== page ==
Cardiac Failure

Sympathetic stimulation may be a vital component supporting circulatory function in patients with congestive heart failure, and its inhibition by beta blockade may precipitate more severe failure. Although beta-blockers should be avoided in overt congestive heart failure, if necessary, they can be used with close follow-up in patients with a history of failure who are well compensated and are receiving digitalis and diuretics. Beta-adrenergic blocking agents do not abolish the inotropic action of digitalis on heart muscle.

In Patients Without A History of Heart Failure

Continued use of beta-blockers can, in some cases, lead to cardiac failure. Therefore, at the first sign or symptom of heart failure, the patient should be digitalized and/or treated with diuretics, and the response observed closely, or propranolol should be discontinued (gradually, if possible).

In Patients With Angina Pectoris

There have been reports of exacerbation of angina and, in some cases, myocardial infarction, following abrupt discontinuance of propranolol therapy. Therefore, when discontinuance of propranolol is planned, the dosage should be gradually reduced over at least a few weeks, and the patient should be cautioned against interruption or cessation of therapy without the physician's advice. If propranolol therapy is interrupted and exacerbation of angina occurs, it usually is advisable to reinstitute propranolol therapy and take other measures appropriate for the management of unstable angina pectoris. Since coronary artery disease may be unrecognized, it may be prudent to follow the above advice in patients considered at risk of having occult atherosclerotic heart disease who are given propranolol for other indications.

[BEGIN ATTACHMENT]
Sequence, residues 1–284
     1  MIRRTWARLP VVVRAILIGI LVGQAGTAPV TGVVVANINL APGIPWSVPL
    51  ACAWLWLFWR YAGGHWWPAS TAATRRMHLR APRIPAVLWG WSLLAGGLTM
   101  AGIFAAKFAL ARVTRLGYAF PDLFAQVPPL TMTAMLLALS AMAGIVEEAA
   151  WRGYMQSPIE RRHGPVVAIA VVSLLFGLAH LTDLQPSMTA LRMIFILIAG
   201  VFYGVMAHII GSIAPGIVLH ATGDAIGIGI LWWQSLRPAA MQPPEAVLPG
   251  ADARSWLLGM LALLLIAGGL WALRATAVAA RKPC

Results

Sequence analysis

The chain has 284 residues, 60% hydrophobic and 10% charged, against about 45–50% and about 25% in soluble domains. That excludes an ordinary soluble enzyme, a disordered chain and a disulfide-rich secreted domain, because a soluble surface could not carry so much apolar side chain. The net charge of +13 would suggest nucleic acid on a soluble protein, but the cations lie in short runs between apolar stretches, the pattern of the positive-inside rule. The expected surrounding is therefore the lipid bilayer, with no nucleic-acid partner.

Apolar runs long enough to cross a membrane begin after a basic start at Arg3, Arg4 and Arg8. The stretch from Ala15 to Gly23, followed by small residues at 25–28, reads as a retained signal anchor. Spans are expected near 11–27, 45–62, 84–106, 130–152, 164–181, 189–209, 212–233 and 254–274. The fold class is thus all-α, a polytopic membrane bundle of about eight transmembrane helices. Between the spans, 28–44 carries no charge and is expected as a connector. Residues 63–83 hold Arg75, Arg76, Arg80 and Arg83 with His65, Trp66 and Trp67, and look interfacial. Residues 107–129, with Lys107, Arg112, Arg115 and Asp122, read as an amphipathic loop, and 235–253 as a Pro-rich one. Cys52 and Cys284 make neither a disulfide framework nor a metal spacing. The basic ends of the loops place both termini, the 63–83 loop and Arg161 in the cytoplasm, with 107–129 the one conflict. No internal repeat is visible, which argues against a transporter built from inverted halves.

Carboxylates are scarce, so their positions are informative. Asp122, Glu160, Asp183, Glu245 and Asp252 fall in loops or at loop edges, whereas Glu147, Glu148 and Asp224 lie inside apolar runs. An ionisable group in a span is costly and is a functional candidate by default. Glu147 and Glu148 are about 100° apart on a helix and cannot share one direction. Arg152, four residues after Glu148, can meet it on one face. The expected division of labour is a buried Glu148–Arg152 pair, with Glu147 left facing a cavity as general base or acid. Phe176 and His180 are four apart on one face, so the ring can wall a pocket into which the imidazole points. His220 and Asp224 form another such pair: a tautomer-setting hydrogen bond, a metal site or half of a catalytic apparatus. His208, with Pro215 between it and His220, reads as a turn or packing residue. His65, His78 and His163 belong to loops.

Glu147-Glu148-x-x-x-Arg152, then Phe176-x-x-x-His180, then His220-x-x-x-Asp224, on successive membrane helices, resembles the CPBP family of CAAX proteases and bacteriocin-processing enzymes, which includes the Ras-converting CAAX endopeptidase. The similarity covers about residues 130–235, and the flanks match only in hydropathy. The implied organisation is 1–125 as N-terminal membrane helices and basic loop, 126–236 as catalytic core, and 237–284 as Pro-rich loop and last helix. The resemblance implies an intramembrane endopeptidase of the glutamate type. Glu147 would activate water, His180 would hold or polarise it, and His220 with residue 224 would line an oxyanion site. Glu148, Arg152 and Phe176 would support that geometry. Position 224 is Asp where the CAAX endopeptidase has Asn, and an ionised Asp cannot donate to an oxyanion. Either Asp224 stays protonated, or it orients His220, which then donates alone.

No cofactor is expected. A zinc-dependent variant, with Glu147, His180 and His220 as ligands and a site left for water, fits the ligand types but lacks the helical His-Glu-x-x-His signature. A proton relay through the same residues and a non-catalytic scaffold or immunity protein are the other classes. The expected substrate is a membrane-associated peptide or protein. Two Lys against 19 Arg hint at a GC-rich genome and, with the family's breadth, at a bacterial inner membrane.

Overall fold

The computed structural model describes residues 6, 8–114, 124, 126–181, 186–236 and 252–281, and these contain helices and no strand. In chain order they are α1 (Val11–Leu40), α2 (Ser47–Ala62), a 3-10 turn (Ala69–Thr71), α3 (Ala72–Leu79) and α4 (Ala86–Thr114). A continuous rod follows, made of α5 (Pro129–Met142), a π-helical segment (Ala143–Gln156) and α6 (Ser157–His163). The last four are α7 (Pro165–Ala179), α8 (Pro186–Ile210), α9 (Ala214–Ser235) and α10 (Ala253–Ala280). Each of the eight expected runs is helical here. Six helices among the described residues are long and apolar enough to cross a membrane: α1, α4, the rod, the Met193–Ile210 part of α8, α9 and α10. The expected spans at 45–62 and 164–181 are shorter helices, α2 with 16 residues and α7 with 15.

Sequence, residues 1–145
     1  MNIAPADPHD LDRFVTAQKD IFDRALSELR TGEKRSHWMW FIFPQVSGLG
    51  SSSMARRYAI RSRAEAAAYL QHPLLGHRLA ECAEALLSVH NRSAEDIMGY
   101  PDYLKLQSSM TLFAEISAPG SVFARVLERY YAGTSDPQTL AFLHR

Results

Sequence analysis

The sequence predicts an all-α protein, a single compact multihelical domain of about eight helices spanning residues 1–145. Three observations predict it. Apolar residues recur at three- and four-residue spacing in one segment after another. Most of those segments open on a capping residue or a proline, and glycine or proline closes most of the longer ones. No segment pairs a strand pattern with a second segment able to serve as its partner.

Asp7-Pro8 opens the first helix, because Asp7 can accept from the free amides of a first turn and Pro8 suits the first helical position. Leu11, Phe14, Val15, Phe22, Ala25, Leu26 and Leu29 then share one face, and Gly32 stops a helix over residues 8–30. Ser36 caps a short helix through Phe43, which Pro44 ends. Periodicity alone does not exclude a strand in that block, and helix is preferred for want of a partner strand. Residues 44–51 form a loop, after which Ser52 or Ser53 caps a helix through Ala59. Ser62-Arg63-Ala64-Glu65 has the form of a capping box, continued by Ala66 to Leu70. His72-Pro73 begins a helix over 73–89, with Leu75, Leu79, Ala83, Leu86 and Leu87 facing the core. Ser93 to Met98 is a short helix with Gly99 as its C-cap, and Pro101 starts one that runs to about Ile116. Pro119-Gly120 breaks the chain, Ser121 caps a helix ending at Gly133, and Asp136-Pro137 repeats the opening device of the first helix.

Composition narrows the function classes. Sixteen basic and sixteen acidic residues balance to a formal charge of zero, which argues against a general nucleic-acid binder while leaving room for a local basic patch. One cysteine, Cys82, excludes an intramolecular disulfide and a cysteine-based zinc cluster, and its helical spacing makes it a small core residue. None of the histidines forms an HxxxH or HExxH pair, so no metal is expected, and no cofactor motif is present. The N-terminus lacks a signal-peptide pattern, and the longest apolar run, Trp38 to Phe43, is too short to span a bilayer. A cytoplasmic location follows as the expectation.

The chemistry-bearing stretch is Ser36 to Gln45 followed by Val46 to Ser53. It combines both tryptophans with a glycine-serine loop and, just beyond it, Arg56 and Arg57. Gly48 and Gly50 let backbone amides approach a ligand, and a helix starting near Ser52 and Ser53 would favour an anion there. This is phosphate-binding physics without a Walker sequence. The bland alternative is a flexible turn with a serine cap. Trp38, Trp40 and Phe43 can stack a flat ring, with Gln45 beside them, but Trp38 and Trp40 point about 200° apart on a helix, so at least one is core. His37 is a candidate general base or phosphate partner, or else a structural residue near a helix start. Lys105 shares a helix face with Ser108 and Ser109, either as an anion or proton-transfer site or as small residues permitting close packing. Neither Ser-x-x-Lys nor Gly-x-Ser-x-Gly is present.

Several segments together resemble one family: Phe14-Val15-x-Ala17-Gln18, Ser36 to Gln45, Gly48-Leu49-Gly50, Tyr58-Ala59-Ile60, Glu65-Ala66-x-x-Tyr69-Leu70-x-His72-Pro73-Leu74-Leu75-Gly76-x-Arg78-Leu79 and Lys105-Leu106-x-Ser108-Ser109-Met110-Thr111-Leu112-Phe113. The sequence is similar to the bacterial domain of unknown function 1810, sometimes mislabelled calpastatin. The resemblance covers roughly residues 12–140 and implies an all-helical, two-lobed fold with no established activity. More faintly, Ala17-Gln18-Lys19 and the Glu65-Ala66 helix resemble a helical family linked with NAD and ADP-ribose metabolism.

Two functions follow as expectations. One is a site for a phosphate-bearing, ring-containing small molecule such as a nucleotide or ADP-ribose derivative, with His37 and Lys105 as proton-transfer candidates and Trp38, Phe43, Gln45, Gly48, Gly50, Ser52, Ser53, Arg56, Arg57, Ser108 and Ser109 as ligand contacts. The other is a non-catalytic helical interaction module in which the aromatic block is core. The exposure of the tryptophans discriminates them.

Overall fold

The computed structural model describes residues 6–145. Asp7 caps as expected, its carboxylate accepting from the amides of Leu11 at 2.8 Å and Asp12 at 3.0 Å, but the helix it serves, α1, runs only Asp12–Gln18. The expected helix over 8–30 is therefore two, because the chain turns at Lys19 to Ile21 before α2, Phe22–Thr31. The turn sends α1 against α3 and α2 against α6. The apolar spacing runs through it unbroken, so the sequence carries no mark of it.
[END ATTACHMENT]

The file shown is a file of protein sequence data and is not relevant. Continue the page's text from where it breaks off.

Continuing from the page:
Nonallergic Bronchospasm (e.g., Chronic Bronchitis, Emphysema)

PATIENTS WITH BRONCHOSPASTIC DISEASES SHOULD IN GENERAL NOT RECEIVE BETA-BLOCKERS. Propranolol should be administered with caution since it may block bronchodilation produced by endogenous and exogenous catecholamine stimulation of beta receptors.

Major Surgery

The necessity or desirability of withdrawal of beta-blocking therapy prior to major surgery is controversial. It should be noted, however, that the impaired ability of the heart to respond to reflex adrenergic stimuli may augment the risks of general anesthesia and surgical procedures.

Propranolol, like other beta-blockers, is a competitive inhibitor of beta-receptor agonists and its effects can be reversed by administration of such agents, e.g., dobutamine or isoproterenol. However, such patients may be subject to protracted severe hypotension. Difficulty in starting and maintaining the heartbeat has also been reported with beta-blockers.

Diabetes and Hypoglycemia

Beta-adrenergic blockade may prevent the appearance of certain premonitory signs and symptoms (pulse rate and pressure changes) of acute hypoglycemia in labile insulin-dependent diabetes. In these patients, it may be more difficult to adjust the dosage of insulin. Hypoglycemic attacks may be accompanied by a precipitous elevation of blood pressure in patients on propranolol.